The icy streets have taken their toll

Reykjavik Travel Blog

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Once again, I woke up at 11.  Woops!  Unfortunately, my knees were in a lot of pain when I awoke, which is highly unusual.  I realized it was from walking on the ice the past few days, because my boots were great.  I also had quite the bruise from my icy wipeout the day before.  Regardless, I quickly showered and headed to the weekend flea market across the street from the hot dog stand.  I had been looking forward to this, because many people consider it a big attraction.  Frankly, I did not think it was that different from any other flea market I've been to.  I did find a few gifts for family members there, but declined to try the fermented shark that is sold at the market.  Thanks but no thanks.  

After the flea market, I walked to Thorvaldsenbazarinn, a wool goods shop.

The dangerous sidewalks!
 There are sweater shops ALL over the city centre, selling both machine-made and hand-made wool sweaters, hats, gloves, and scarves.  I knew I wanted to buy a sweater while I was in Reykjavik, and was disappointed to see that they ranged in price from about 14,000kr to 22,000kr.  So expensive!  During the walking tour the day before, though, the tour guide had mentioned that this particular store was different from the others.  Women in the country hand knitted the sweaters, then donated them to the Thorvaldsenbazarinn, where all profits went to charity (typically a children's hospital).  I knew I'd be splurging on a sweater, so this seemed to be the place to go.
Statue outside the National Gallery
 The sales person was extremely helpful, and assisted me as I tried on five or six sweaters.  We settled on a very pretty white one with a blue and green design around the neck, for 15,500kr (about $120).  This would be far and away my biggest expenditure of the trip, but totally worth it.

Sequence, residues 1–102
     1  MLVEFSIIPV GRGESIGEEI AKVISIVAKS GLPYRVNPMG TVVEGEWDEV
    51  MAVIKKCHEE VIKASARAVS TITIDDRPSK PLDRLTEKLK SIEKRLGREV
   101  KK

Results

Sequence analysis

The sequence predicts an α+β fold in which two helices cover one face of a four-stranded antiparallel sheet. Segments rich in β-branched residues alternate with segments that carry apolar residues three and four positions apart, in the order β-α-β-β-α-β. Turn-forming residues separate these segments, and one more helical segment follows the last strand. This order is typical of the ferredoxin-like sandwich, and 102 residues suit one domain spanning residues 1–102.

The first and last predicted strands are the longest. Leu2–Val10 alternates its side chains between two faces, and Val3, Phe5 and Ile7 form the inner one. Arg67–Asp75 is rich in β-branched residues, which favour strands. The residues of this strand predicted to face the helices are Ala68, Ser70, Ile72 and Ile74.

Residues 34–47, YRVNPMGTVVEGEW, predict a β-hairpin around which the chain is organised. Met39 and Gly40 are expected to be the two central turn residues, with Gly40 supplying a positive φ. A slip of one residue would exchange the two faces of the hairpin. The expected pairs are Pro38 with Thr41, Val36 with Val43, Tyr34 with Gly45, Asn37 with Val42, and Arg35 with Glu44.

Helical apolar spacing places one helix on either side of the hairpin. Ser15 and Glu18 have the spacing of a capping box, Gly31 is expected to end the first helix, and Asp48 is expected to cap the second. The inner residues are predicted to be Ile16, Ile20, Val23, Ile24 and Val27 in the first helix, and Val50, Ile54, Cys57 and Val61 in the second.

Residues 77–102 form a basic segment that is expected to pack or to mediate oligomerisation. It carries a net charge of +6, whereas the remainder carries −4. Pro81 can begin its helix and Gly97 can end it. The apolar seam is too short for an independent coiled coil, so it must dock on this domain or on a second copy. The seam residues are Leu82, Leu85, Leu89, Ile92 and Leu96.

From there, I braved the icy sidewalks to make my way to the Icelandic National Gallery.  About four blocks of sidewalk took me 20-30 minutes!  I was in a terrible mood by the time I arrived, but the exhibit was lovely.  Only two rooms were open to viewing, and it was a lovely introduction to native artwork of the 20th century.  Upstairs was a little cafe where a man had a variety of soup, and I had a delicious bowl of Tex-Mex soup with actual beans in it!  It was also garnished with sour cream, cheese, avocado, and red onions.  Yum. 

After a hazardous walk back to the main drag from the museum, I was completely done with the icy sidewalks for the day.  I headed back to Our House and read for awhile.  I popped to the shop to get veggie soup ingredients, then made a big pot of yummy curry soup that lasted the rest of my stay.  Two Indian girls had arrived at the guest house the night before, and they had been on a Golden Circle tour all day.  When they came back, we sat around and chatted for a few hours, comparing US, European and Indian cultures before heading to bed.

toweroffurniture1013 says:
The name was Thorvaldsenbazarinn and it was at the corner of Austurstraeti and Velfusund, at Ingolfstorg square. The shop had a dark green exterior. :) Have a great time on your trip to Iceland in March!
Posted on: Jan 15, 2012
wagslikeadog says:
Do you remember the name and whereabouts of the shop you bought your sweater from? (Nice blog so far!) cheers
Posted on: Jan 14, 2012
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The dangerous sidewalks!
The dangerous sidewalks!
Statue outside the National Gallery
Statue outside the National Gallery
My soup never foams like this at h…
My soup never foams like this at …
Reykjavik
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